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He'll either lobby Congress for legislation or file a federal lawsuit

Tesla CEO Elon Musk is determined to win the fight against auto dealers and sell his company's vehicles directly to customers, but if he doesn't succeed at the state level, he's willing to make it a federal case. 

"If we're seeing nonstop battles at the state level, rather than fight 20 different state battles, I'd rather fight one federal battle," said Musk.

According to Musk, he will likely take one of two approaches if it comes down to a federal matter. He will either lobby Congress to pass legislation for the direct sales of EVs made by startup companies like Tesla (and tie it to an energy or transportation bill) or file a federal lawsuit to fight the state restrictions as unconstitutional violations of interstate commerce.

However, The National Automobile Dealers Association (NADA) said it will continue to defend franchise and consumer laws in the states.

"NADA will vigorously defend the franchise system," said David Westcott, chairman of the National Automobile Dealers Association. "A better option for Mr. Musk is to take advantage of the dealer network that already exists."

Musk has been pushing support for a recent bill in Texas, called House Bill 3351. This would allow distributors and manufacturers of electric vehicles (EVs) only to sell directly to customers without the use of dealerships. 

He has gone as far as offering to build a second manufacturing plant in Texas, and is even trying to appeal to Texas consumers by discussing a design for an electric pickup truck that would be stronger than any current gasoline truck.


In addition to Texas, Musk has had issues persuading other U.S. states to allow the auto startup to sell its cars directly. Some of its problem states include Colorado, Massachusetts, Minnesota, New York and Virginia. 

Musk could have a huge fight ahead, though. NADA said that 48 states have some sort of restricition on factory-owned dealerships. Musk went on to say that about 20 of those have restrictions that would make his business model difficult while about six others have restrictions that would make it extremely difficult. 

Musk has called the new Texas bill (and this overall business model of selling directly) a "life or death" situation for startups like Tesla.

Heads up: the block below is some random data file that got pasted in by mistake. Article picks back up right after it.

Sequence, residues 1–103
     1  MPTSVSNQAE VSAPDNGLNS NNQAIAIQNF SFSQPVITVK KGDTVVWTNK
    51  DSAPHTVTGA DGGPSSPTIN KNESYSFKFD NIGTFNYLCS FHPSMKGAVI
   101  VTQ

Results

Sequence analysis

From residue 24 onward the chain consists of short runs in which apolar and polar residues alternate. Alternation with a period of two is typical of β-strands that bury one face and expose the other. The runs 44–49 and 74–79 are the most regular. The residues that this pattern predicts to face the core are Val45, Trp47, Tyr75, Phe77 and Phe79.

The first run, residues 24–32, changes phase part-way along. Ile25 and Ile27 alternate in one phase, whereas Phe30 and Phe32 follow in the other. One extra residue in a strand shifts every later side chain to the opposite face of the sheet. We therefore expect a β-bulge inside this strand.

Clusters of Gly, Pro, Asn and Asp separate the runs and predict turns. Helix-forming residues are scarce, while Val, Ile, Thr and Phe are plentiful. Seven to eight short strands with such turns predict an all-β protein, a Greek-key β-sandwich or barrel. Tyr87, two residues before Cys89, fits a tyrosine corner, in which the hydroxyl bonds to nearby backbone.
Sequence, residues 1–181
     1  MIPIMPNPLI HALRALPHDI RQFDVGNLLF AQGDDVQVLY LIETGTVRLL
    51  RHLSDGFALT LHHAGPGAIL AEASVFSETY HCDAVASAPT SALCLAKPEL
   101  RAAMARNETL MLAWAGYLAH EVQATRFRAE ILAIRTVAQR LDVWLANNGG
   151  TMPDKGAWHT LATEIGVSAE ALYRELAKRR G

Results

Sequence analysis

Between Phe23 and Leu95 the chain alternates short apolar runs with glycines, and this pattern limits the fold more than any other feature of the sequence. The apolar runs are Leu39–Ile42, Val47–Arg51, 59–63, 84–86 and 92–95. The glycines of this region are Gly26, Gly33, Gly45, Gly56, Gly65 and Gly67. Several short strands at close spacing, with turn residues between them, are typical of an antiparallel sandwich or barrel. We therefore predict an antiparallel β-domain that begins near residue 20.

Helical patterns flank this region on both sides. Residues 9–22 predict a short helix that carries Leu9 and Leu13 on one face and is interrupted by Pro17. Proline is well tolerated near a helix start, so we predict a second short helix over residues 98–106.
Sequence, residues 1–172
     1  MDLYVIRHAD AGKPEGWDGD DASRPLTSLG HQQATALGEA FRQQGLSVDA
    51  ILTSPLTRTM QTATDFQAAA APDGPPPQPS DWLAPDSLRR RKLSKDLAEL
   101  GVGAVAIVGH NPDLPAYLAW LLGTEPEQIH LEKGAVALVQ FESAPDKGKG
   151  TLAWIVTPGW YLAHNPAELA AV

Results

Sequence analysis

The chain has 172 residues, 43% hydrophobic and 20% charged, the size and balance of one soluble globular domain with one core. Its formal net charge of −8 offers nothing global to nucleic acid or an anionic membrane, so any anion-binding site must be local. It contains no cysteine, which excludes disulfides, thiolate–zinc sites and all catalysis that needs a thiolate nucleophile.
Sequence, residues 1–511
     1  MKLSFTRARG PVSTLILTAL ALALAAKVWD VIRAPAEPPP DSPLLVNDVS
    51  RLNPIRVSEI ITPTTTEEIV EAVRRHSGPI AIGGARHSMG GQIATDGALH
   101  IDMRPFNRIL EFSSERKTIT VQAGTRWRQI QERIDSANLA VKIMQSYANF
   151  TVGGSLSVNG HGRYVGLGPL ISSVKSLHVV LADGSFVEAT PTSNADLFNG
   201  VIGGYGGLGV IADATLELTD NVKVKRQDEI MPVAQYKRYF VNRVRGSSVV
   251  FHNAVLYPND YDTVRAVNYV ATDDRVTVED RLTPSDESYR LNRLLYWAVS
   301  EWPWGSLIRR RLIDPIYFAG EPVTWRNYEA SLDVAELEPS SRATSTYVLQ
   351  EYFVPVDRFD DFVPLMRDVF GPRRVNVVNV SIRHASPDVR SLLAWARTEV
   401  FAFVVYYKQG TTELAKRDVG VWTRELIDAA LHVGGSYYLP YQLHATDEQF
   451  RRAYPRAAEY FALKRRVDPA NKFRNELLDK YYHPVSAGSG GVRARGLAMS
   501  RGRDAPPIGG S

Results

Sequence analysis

“For us this is life or death,” said Musk. “If we can’t go direct we will not be able to sell cars.”

In the past, Musk has said that he's open to a dealership model at some point when sales increase, since dealerships do promote competition and keep prices down. But at a startup level, he said this type of model isn't the best route. 

Tesla currently sells about 10,000 cars in North America, where about 1,500-2,000 are sold in Texas. 

Tesla is shipping over 500 Model S EVs weekly, and recently reported that the company is now profitable thanks to the Model S exceeding sales targets. Tesla Model S sales reached 4,750, which topped the sales outlook of 4,500 posted in the February shareholder letter.
 
In addition, the automaker is partnering with Wells Fargo and U.S. Bank to offer customers more financing options for Tesla’s vehicles. 

Source: Automotive News



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RE: Pretty pathetic
By Reclaimer77 on 4/16/2013 5:38:59 PM , Rating: -1
And the hypocrisy of Daily Tech is amazing.

If this were ANY other company, we'd have another illustrative post on the evils of lobbying, the corruption of the "corporate state" perverting the Government, etc etc etc.

Here we have Musk, a billionaire, lobbying for the law to be changed so he can make more money, and we don't hear a PEEP from the usual anti-lobbying anti-1% crowd.

The hypocrisy of Liberalism never ceases to amaze. If a billionaire makes an electric car, he's a saint. If he makes an SUV (or anything else), he's evil.


RE: Pretty pathetic
By lelias2k on 4/16/2013 6:02:22 PM , Rating: 5
When you are fighting 100-year old companies, with a product that challenges one of the most - if not THE most, powerful industries in the world, I think you are entitled to try to play by the same rules.

Especially since what he is proposing is something that I see eventually becoming common practice.

I sold cars and I honestly hate the whole dealership experience. I would love to simply go online, put my car together, get financing, and wait for it to arrive. Screw the middle men, as they are not adding anything positive to the process. Unless you think that all the things they try to put down your throat are any good. In which case let me know and I'll be happy to sell you your next car.

And let be honest, we already are half-way there. A lot of my customers used to arrive knowing if I had the car they wanted, what would be a good price to pay, etc.

So, in the end, killing dealerships would benefit everybody but the dealership. But why would Musk fight for an industry that is clearly against him?


RE: Pretty pathetic
By seamonkey79 on 4/16/2013 6:53:12 PM , Rating: 2
I am about completely turned off dealerships, enough that I'm still fixing my car myself to keep it going while I figure a way around dealing with a dealership. Salespeople in most businesses are a bit shady, but car dealerships still ooze that classic used car sales stereotype of the 60s/70s television shows, only they're trying to sell you a new car.


RE: Pretty pathetic
By Spuke on 4/16/2013 6:55:33 PM , Rating: 1
quote:
When you are fighting 100-year old companies, with a product that challenges one of the most - if not THE most, powerful industries in the world, I think you are entitled to try to play by the same rules.
Yes, exactly and one of those rules is to open a dealership like everyone else in the auto field.


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